Blueport Co.v.U.S.

United States Court of Appeals, Federal CircuitJul 25, 2008
533 F.3d 1374 (Fed. Cir. 2008)

No. 2007-5140.

July 25, 2008.

Appeal from the United States Court of Federal Claims, Lawrence J. Block, J.

Kurt M. Rylander, Rylander Associates, PC, of Vancouver, WA, argued for plaintiff-appellant.

Scott Bolden, Senior Trial Counsel, Commercial Litigation Branch, Civil Division, United States Department of Justice, of Washington, DC, argued for defendant-appellee. With him on the brief were Jeffrey S. Bucholtz, Acting Assistant Attorney General, and John J. Fargo, Director.

Before MICHEL, Chief Judge, CLEVENGER, Senior Circuit Judge, and GAJARSA, Circuit Judge.



GAJARSA, Circuit Judge.

This is an action brought by Blueport Co. ("Blueport") against the United States for copyright infringement and violations of the Digital Millennium Copyright Act of 1998 ("DMCA"), Pub.L. No. 105-304, 112 Stat. 2860 (Oct. 28, 1998), codified at 17 U.S.C. § 1201, et seq. The Court of Federal Claims ("CFC") dismissed Blueport's claims for lack of jurisdiction on the ground that the Government has not waived sovereign immunity for any of Blueport's claims. Because the CFC's decision contains no reversible legal error, we affirm.

BACKGROUND

In this case, Blueport claims that the Government — specifically the U.S. Air Force — infringed Blueport's copyright on a software program known as "the AUMD program." The AUMD program was written by Air Force Technical Sergeant Mark Davenport. On March 6, 2000, Davenport assigned all his rights in the AUMD program to Blueport.

When Davenport wrote the AUMD program, he was employed as a manager of the Air Force Manpower Data System ("MDS"), a database containing manpower profiles for each unit in the Air Force. In his capacity as an MDS Manager, Davenport updated the MDS with new data and provided reports from the MDS to Air Force personnel upon request. Davenport was also a member of the Air Force's Manpower User Group, a group of manpower personnel from each of the Air Force's major commands who provided guidance on the use of the MDS. Based on his experience with the MDS, Davenport concluded that the software the Air Force used to run the MDS was inefficient and began seeking ways to redesign the software program. Davenport initially requested training in computer programming from the Air Force, but his request was denied. Undeterred, Davenport learned the computer programming skills necessary to write the AUMD program on his own time and with his own resources. Davenport then wrote the source code for the AUMD program while at home on his personal computer. Although he wrote the program solely at his home and at his own initiative, Davenport's intent in writing the program was that other Air Force manpower personnel would use it.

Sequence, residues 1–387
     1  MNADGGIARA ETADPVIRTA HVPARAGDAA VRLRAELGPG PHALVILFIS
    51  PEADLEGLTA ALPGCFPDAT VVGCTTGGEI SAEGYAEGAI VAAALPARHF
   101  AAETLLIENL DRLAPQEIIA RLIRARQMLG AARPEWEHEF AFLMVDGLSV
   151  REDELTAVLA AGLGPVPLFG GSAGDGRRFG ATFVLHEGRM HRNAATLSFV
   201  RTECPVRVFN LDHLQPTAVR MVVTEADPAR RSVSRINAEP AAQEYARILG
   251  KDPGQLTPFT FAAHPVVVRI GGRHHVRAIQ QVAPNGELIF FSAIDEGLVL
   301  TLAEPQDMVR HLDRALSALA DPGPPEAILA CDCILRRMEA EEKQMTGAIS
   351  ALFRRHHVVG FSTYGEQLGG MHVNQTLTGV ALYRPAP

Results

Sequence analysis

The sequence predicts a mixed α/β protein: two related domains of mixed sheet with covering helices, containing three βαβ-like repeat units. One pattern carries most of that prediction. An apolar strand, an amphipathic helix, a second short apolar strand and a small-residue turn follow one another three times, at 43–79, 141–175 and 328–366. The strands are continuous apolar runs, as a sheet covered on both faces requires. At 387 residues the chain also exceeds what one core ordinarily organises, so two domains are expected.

Source code is the text of a software program written in a human-readable programming language. Microsoft Computer Dictionary 491 (5th ed. 2002). Once written, source code is compiled into machine-readable object code that runs on a computer. Id. at 372. Software programmers usually provide users with only the object code in order to prevent users from modifying the program. Theodore C. McCullough, Understanding the Impact of the Digital Millennium Copyright Act on the Open Source Model of Software Development, 6 Marq. Intell. Prop. L.Rev. 91, 93-94 (2002).

In June 1998, Davenport shared an early version of the program with a fellow coworker, and both tested the program on the MDS at work during regular business hours. Based on the results of this testing, Davenport made changes to the source code of the AUMD program on his home computer. Davenport did not at that time, or at any time thereafter, bring the AUMD program's source code to work or copy it onto Air Force computers.

After these initial tests, Davenport began sharing copies of the AUMD program with other colleagues. At first, Davenport shared the AUMD program with colleagues by giving them a computer disk containing the program or by personally installing the program on their computers. Later, Davenport posted the AUMD program on an Air Force web page so that Air Force manpower personnel could download it directly. As the program became popular within the Air Force manpower community, Davenport's superiors asked him to train additional personnel in its use. During this time, he continued to modify the program based on feedback he received and, as a result, improved its functionality and eliminated programming errors. At some point, Davenport added an automatic expiration date to each new version of the AUMD program so that users were required to download the newest version when the older one expired.